I realized that the predictions about how long it might take for me to regain my energy after treatment were completely underestimated. I decided that it might be discouraging for patients to hear that it could take up to a year or even two to feel “normal” again. Because I hadn’t been told this might happen, when I passed the benchmark of six months without regaining my energy, I became discouraged and it was depressing to think I might never feel better again.

This is a beautiful morning on the plains. I have been outdoors watering the seedlings that were planted in my “cancer year.” Some of them didn’t make it through the winter. I had to hire someone to mow while I was out of town and some of the seedlings didn’t survive the mowing. But my grandson and I went out Saturday to take out the rest of the faded landscaping flags so we wouldn’t get the wires in the mower blades, and we put bright blue tape on the survivors. Most of them are hardy. I will drag a hose and carry buckets and water them and they will grow quickly now.

The year before I got cancer, a friend of mine who is a few years younger than I am said he was too old to plant trees. Planting trees is a perspective on life. No one should ever be too old to plant a tree. When I learned I had cancer, I wondered why I had just planted 100 seedling trees. Later I wondered how I would take care of them. Today I am watering them and looking forward to sitting under their shade.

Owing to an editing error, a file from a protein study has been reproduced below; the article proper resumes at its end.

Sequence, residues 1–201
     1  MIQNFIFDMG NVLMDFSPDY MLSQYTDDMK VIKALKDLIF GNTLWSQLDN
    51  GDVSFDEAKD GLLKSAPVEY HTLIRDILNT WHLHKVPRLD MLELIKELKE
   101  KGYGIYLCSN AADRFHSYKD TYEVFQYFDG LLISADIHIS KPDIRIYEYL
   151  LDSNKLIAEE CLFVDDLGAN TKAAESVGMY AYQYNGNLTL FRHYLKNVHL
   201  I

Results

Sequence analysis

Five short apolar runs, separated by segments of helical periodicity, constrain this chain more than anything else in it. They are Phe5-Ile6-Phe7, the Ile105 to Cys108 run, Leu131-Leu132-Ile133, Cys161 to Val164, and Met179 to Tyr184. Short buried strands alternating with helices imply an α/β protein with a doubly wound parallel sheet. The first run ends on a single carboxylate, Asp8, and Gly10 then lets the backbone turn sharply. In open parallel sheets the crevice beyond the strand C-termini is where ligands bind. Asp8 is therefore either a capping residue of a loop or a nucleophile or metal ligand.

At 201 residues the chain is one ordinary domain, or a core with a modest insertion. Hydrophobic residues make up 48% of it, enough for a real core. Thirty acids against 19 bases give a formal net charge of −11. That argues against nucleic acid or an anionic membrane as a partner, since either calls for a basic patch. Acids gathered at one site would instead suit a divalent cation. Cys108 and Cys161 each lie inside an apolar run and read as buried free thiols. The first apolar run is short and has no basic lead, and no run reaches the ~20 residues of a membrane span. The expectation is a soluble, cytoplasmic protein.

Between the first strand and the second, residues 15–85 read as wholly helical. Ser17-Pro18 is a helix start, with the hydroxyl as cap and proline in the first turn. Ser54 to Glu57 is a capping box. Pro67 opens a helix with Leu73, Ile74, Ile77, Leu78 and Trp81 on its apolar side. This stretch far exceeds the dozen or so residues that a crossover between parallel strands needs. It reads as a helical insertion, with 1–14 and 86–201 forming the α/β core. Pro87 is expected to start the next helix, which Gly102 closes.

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Journal collection

Journal collection

While going through my sketchbooks, I’m running across random journal entries that are expressions of some of the more difficult and frustrating times I had during what I now think of as The Year I Spent Having Breast Cancer.  They were too immediate and personal when I wrote them to include in this online journal. Now I see that this story isn’t complete without at least some of them, so I’ve started another page called The Parts I Left Out.  I am going to add entries as I run across them, so it won’t be in chronological order for the time being.

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bwop1Just before my diagnosis and for some time during my surgery and treatment, I was having nightmares, what I later decided were “cancer dreams.” I’ve written here about looking for someone to help me process the strong emotional reactions I had to learning I had cancer and dealing with it. What I intuitively felt I needed was dream work therapy or art therapy. The social worker at my oncologist’s office told me over the phone to watch for upcoming art therapy sessions on their online calendar. Although they would be in in the city, I felt such an urgent need for them that I decided I would travel to attend. But I never saw them listed, and I’ve never attended any. I wish I could have found a way to do this at the time.